Died as heroes: Four boys drowned in frozen lake after one fell in feeding ducks and the others tried to save him

7 July 2023, 12:23 | Updated: 7 July 2023, 14:47

Thomas Stewart, Jack Johnson, and brothers Finlay and Samuel Butler
Thomas Stewart, Jack Johnson, and brothers Finlay and Samuel Butler. Picture: West Midlands Police/Facebook

By Emma Soteriou

Four boys who fell in a frozen lake in Solihull drowned in a "terrible accident", a coroner has concluded.

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An inquest in Birmingham confirmed that Samuel Butler, 6, Finlay Butler, 8, Jack Johnson, 10, and Thomas Stewart, 11, died as a result of drowning at Babbs Mill park in Solihull.

The boys were understood to have been playing on the ice when they fell in. Each of them suffered a cardiac arrest by the time rescuers had pulled them out.

Bystanders and police jumped in to help, with one officer treated for mild-hypothermia after trying to punch through the ice in an attempt to save the children.

Temperatures were thought to have plunged to 1C in the area at the time of the incident, falling to -3C overnight.

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Police officer treated for hypothermia after Solihull rescue effort

Detective Inspector James Edmonds from West Midlands Police described how officers first arrived on the scene at 2.43pm after receiving multiple 999 calls, the first coming in at 2.34pm.

Despite advice not to enter the water because of the effect the cold would have on them, officers decided to form a human chain from the edge of the bank to try and reach the area where they believed the boys had fallen in, using their fists and batons to break through the ice.

"The boys were not visible as they were under the water. Officers made the decision to enter the lake," DI Edmonds said.

"They formed a human chain and tried to reach the location they thought the boys had gone under. The medical advice would have been not to go in, but our main duty is to save life and limb."

The boys had been at the lake in two separate groups, with Jack and other children initially going to skim stones before heading out onto the ice, and Fin, Sam and Tom intending to feed bread to the ducks.

The court heard Fin fell in first, with Tom and Jack going to help but falling in themselves. While no-one witnessed Sam fall in the water, DI Edmonds said "the assumption is that he had rushed towards the danger to help".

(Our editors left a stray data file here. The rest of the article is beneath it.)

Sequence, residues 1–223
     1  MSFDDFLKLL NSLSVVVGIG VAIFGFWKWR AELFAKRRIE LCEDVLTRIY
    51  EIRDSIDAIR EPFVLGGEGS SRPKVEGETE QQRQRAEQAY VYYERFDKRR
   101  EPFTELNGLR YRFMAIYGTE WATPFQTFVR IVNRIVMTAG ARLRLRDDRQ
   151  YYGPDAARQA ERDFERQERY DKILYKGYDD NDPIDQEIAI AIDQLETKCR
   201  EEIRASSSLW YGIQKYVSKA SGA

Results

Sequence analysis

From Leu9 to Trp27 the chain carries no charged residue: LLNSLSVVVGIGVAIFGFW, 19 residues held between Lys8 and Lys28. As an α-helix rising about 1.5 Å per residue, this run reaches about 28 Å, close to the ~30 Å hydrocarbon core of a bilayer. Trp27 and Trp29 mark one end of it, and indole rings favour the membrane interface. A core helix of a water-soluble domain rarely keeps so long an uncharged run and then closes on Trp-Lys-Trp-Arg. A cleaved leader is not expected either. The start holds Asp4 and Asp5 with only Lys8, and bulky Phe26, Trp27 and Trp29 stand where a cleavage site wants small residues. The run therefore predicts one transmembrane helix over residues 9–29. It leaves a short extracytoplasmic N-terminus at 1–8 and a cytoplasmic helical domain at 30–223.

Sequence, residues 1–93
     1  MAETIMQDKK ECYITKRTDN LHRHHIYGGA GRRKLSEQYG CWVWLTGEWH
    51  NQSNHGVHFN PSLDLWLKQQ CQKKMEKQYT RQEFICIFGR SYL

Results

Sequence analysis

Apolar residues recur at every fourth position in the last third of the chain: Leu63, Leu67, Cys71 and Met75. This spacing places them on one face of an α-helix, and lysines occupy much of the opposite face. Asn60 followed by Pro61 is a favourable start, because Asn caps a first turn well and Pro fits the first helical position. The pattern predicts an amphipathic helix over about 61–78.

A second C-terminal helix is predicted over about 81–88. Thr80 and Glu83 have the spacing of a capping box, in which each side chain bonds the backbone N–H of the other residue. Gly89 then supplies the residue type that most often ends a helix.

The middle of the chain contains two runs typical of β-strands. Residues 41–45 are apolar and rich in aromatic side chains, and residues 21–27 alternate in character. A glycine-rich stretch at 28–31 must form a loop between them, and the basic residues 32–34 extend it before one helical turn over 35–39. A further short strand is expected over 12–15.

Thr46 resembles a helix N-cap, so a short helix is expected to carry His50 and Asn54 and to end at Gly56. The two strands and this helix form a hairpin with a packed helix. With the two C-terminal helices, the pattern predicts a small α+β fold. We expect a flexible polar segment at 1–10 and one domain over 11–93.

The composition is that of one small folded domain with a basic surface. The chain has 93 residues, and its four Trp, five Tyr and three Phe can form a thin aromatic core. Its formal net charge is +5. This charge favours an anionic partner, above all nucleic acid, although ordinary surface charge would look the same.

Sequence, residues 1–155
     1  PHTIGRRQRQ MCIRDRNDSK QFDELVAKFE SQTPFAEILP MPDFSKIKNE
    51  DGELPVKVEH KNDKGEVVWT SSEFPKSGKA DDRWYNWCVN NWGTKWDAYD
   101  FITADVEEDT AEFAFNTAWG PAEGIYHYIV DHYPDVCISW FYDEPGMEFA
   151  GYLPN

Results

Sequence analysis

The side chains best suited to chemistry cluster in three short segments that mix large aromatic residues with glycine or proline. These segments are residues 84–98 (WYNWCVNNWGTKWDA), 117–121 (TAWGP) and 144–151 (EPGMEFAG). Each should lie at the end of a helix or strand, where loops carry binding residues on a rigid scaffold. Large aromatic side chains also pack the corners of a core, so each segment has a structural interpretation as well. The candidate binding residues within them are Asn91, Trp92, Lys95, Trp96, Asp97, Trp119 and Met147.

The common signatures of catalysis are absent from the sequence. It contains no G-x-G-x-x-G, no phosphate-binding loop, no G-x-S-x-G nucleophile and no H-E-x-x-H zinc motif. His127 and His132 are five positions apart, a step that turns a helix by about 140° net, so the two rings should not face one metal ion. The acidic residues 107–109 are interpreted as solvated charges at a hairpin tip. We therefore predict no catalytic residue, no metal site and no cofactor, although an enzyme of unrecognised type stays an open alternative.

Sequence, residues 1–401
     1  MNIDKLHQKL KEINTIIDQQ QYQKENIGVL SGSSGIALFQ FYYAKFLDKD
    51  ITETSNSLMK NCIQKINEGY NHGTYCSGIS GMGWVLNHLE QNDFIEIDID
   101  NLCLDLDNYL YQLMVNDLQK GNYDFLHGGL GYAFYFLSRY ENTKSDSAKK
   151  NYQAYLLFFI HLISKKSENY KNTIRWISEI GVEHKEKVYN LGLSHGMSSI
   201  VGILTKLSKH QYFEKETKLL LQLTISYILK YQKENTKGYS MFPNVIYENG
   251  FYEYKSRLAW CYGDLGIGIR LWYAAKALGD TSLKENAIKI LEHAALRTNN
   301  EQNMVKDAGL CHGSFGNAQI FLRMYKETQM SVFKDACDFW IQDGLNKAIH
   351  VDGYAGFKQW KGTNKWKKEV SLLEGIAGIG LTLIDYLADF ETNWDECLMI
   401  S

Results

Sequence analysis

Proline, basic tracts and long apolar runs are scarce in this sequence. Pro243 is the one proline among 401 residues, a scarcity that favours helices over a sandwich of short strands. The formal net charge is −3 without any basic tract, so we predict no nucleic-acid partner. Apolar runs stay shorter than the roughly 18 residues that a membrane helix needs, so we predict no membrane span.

West Midlands Fire Service arrived on the scene at 2.50pm and specially-trained officers entered the water to find the boys, with Jack, Tom and Sam found under the water at 2.56pm and Fin found at 3.05pm.

He explained how the officers tried their best to reach the boys, with one of the officers up to their chin in freezing cold water, but the water was too deep to get to them.

He said: "The air temperature that day was five degrees, so the water would have been much colder than that. Despite their best efforts, they were simply unable to reach the area.

"The physical impact on the officers was quite significant in terms of their body temperature."

Birmingham City FC manager John Eustace lays wreath in memory of Solihull children after tragedy

Senior coroner Louise Hunt ruled their deaths were an "awful, tragic accident" and said West Midlands Police, West Midlands Ambulance Service and West Midlands Fire, as well as the NHS, all did their best in the situation.

She said: "There really is only one conclusion, that this was an awful, tragic accident. The emergency services undertook considerable efforts to try and save them. Everyone involved did all they could to help the boys and they should be commended for their actions."

Addressing members of Jack's family, who had attended the inquest, Mrs Hunt added: "I offer my condolences to all of you here today, other members of your family and the families that are not here today.

"The death of the boys is a devastating tragedy and it is difficult for us to comprehend how you must feel. I hope today has been able to answer some questions, but it cannot take away your pain, I realise that."

Tributes were read out to each of the boys at the beginning of the inquest.

Jack was described as an "amazing soul who did everything he could to make people smile". Tom "always had a smile on his face", Fin was "full of character and adored the outdoors", and Sam had an "infectious laugh".

Speaking after the inquest, Mr Shapland said he wished the "outcome could have been different" and with the summer holidays approaching, urged parents to warn their children of the dangers of entering open water.

He said: "Even in the summer, as tempting as it may be, open water can kill. Know the dangers. Tell your children."

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